A Most likely you have run into a known bug with portupgrade. Do you also encounter errors when running pkgdb? From the BUGS section in the portupgrade(1) man page:

Sometimes a database may get corrupt and the pkgtools commands start to abort due to segmentation fault. In such cases, run "pkgdb -fu" to rebuild the database, and the problems will go away.

Q I want to configure all of our internal machines to use an ntp server so that they're always in sync with each other. I have ntp installed, but I'm wondering who I should use as my ntp server?

A To begin, it's bad form to have all of your internal hosts hammer an external ntp server. You should set up a few of your own machines as internal ntp servers and have all of your other internal machines sync off them. You want more than one machine acting as an ntp server internally in case you have a hardware failure. Each of these internal servers should in turn sync off three to five public stratum 2 or stratum 3 servers. Your ISP may offer ntp servers, and/or you can use some from the list of public ntp servers at:
The best configuration includes multiple ntp servers that are close to you (network-wise, not geographically) but on different networks for redundancy's sake.

Q I've configured sendmail 8.12.9 to authenticate clients with LOGIN and PLAIN via saslauthd. For security purposes, I'm running sendmail as a non-root user. Authentication is working, but I receive the following error message:

Sep 10 15:31:21 mailhost sendmail[3841]: OTP unavailable because 
can't read/write key database /etc/opiekeys: Permission denied
The error makes sense since /etc/opiekeys is owned by root, but I don't want opie enabled at all.

A You compiled SASL with opie, so it will attempt to use it unless you specify otherwise. You can recompile SASL specifying the --with-opie=no switch, or you can add a mech_list line to sendmail's SASL configuration file (usually /usr/lib/sasl/Sendmail.conf):

mech_list: LOGIN PLAIN
Q We have a lab with a lot of generic machines without interesting names. Each of them is called cslab-X where X is the last portion of the dotted quad IP. Instead of creating all of these entries by hand, I've heard there's a bind directive called GENERATE that will take a range of numbers and create A and PTR records for me. I'm having a bit of trouble with the syntax, though. Would it be possible for you to provide an example?

A If you want to automatically generate A records, you must be running BIND 9. BIND 8 will only generate PTR, NS, and CNAME records. Assuming you're running BIND 9, let's say that you have the class C-sized address 192.168.1.x and you want to have through The entry for your PTR records would be:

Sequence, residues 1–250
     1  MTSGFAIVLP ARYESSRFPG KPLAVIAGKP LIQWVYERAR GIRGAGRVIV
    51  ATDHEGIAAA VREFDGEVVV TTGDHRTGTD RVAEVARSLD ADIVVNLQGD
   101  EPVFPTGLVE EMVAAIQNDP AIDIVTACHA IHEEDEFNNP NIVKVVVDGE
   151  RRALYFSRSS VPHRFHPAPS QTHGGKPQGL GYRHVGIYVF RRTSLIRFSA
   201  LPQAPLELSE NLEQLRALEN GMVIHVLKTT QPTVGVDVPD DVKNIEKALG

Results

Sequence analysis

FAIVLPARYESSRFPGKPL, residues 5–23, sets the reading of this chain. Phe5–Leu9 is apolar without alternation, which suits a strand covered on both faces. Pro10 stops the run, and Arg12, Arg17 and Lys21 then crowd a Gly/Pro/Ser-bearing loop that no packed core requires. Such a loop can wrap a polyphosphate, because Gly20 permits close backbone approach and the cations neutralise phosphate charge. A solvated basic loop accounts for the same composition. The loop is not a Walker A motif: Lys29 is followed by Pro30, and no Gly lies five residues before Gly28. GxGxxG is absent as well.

$GENERATE 128-253 $ PTR cslab-$.my.domain.
The $ORIGIN line provides a base for the LHS of the $GENERATE directive. If the LHS isn't fully qualified, the $ORIGIN will be tacked onto the end. If you didn't use an $ORIGIN statement, you would write your $GENERATE line as:

$GENERATE 128-253 $.1.168.192.IN-ADDR.ARPA PTR cslab-$.my.domain.
Similarly, your A records would be generated by:

$GENERATE 128-253 cslab-$ A 192.168.1.$
Q I'm trying to install UW-IMAP to use strong SSL encryption mechanisms. Following the SSL build/install instructions, I can get a binary that will accept any encryption mechanism, but I don't see a way to configure IMAP not to accept weak ciphers. Is there such a beast, or do I need to switch IMAP servers (which would be difficult)?

A There are no configuration settings to specify which ciphers you want UW-IMAP to accept, but there is a place in the code to change this before compilation. In the file src/osdep/unix/ssl_unix.c, define SSLCIPHERLIST to whatever you want. For example:

Q We're running OpenSSH 3.6.1p1 at our site. When we try to ssh with compression turned on (specifying -C on the command line), the connection is terminated prematurely, and we receive the error:

buffer_append_space: alloc 10506240 not supported
If we turn off compression, everything works just fine. This feels like a bug, but we have some machines with the exact same version of OpenSSH that work just fine. I'm rather stumped.

A I've heard of this bug cropping up when there were issues with the version of zlib that OpenSSH was linked against (the compression bits are done by libz). You can try upgrading your version of zlib or using the same version of zlib that's installed on the working machines.